Category: ADR

What’s the difference between mediation and arbitration?

Arbitration and mediation are very different.   Although they are both examples of alternative dispute resolution in that the parties are taking their dispute to a forum other than a court, they are dissimilar in many respects. During a mediation a neutral party helps the parties negotiate with each other to reach an agreement that will end their dispute.  In an arbitration, a neutral party acts as a judge and decides which side should prevail. For example, let’s say Patrick and David have a contract.  Patrick accuses David of breaking the contract.  In a mediation, another person, let’s call her Nancy, will help Patrick and David discuss the issue and  reach a settlement that will end the argument. In an arbitration, another person, we’ll call him Ned, will decide whether Patrick’s accusation against David has merit or not.   Assuming Ned decides that David broke the contract, Ned could award Patrick a damages award – – meaning David will have to pay Patrick. One similarity that mediations and arbitrations share is that, generally speaking, they are private and confidential.  Unlike disputes in court which are public, parties can mediate and arbitrate without disclosing anything to the...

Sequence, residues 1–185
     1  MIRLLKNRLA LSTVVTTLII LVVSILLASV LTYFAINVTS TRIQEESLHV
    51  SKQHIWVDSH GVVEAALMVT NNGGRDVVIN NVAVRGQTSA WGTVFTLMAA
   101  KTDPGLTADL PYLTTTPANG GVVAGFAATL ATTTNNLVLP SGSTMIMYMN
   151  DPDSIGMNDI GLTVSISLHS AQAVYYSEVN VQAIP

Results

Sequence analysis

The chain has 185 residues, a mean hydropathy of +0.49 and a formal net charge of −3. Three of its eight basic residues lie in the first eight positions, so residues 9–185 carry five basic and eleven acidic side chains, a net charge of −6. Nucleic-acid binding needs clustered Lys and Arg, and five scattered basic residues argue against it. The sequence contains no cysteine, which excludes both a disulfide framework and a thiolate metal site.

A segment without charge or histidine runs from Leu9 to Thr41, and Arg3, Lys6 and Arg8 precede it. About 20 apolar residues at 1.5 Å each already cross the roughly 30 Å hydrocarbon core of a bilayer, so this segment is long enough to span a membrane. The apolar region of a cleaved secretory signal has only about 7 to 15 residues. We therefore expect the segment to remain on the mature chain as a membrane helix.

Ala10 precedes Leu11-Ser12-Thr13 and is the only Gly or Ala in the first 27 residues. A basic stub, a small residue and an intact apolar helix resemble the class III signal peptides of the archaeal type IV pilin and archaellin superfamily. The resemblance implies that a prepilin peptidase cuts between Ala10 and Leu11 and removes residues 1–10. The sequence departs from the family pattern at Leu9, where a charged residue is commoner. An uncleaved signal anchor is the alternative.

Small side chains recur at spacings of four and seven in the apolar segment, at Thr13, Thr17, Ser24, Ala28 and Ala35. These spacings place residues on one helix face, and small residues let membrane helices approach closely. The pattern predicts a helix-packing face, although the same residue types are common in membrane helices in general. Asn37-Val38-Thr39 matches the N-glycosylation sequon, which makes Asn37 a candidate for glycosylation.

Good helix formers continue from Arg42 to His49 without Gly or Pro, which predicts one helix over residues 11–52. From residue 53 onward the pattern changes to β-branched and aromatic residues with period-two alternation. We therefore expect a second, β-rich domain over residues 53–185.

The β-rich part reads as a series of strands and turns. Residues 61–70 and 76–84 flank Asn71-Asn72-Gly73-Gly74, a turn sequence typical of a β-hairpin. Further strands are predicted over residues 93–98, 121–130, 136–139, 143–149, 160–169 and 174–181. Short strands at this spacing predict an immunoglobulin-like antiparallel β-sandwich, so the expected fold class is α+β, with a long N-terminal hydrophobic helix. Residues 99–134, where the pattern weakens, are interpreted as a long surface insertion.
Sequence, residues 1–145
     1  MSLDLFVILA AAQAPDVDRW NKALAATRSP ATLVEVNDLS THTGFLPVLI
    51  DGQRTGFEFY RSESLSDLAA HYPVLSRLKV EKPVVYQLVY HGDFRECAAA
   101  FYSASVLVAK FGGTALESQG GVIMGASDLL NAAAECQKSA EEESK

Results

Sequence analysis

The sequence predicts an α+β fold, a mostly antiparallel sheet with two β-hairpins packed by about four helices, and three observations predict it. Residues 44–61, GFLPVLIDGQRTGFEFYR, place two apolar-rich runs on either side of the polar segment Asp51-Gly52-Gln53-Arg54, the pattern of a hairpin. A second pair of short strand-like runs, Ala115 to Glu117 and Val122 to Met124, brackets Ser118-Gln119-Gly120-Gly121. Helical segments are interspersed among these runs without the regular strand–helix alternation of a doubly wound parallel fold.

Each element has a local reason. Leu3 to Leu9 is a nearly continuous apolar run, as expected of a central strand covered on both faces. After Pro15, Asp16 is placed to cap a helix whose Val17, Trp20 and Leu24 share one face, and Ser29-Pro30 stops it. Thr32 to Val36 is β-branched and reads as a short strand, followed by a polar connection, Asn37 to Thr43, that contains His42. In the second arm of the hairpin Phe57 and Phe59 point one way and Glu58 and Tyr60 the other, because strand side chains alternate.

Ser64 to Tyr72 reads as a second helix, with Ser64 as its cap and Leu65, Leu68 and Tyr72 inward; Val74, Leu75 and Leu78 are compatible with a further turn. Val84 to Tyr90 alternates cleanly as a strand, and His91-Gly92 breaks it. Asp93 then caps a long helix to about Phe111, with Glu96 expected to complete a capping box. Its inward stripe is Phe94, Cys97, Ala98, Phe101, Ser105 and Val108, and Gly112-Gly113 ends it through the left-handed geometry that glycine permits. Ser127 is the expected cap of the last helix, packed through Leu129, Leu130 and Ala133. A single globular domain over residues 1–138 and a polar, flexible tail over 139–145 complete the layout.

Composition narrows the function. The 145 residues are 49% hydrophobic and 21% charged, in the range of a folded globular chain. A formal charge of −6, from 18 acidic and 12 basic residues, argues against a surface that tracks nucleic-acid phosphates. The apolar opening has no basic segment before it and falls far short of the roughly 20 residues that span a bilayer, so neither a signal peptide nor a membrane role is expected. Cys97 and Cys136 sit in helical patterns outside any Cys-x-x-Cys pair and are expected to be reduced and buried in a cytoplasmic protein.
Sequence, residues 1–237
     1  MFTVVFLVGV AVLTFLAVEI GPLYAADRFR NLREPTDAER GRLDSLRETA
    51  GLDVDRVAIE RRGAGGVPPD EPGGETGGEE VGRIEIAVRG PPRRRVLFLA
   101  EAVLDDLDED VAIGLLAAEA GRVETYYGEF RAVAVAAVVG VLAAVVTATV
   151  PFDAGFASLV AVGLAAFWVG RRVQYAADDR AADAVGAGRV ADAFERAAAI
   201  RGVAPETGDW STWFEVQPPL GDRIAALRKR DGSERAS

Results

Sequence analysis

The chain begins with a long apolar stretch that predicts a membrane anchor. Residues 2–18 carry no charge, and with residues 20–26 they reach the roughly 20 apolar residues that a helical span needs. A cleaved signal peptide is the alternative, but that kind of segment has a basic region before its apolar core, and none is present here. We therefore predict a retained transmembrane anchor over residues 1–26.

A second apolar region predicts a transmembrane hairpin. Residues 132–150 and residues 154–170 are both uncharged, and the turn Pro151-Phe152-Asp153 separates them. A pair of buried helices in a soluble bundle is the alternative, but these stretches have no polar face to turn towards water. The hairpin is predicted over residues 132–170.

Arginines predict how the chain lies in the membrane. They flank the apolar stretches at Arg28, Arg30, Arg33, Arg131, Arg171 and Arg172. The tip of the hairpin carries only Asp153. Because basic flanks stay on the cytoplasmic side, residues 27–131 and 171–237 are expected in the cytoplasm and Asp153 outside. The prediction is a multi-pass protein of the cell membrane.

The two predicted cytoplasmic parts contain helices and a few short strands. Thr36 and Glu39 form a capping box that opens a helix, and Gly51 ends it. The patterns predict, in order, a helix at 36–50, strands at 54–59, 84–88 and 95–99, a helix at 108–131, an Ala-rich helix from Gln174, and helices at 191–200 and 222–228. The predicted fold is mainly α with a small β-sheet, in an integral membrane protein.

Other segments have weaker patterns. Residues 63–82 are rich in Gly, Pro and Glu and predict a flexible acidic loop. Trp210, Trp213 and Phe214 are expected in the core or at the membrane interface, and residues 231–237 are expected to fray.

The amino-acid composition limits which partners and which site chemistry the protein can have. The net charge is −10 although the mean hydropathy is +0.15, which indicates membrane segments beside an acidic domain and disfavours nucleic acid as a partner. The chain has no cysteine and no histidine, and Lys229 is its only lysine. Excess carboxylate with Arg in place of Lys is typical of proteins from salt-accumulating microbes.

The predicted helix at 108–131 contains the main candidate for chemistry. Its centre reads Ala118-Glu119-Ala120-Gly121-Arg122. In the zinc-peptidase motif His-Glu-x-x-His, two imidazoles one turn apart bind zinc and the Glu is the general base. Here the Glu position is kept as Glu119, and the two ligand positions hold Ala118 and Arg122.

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Are mediation and arbitration the same?

No, they are very different. Both mediation and arbitration are examples of alternative dispute resolution, or ADR, meaning both are alternatives to resolving a case through the court system.  But they are two very different alternatives to the courts. A useful way to describe mediation is as “assisted negotiation”.  A neutral person will help the disputing parties voluntarily resolve their dispute through discussions.  Mediators use different techniques to help parties reach a compromise.  If the mediation is successful, the parties won’t sue each other and will agree to end their dispute.  Typically one party will agree to compensate the other party. A useful way to describe arbitration is “private justice”.  In an arbitration one or more arbitrators will act as a judge and jury to decide the outcome of a dispute.  Instead of suing in court, the parties will bring their claims against each other in a private proceeding.  Arbitrations are usually confidential, as opposed to court proceedings, which are usually entirely public.  Unlike a mediation, the parties are not trying to resolve their argument through negotiations, they are trying to win by proving or disproving liability. Many contracts include provisions that require the parties to arbitrate.   These provisions are known as “arbitration clauses.”  The arbitration clause will state that in the event of a dispute, the parties agree to not sue in court but instead to initiate...

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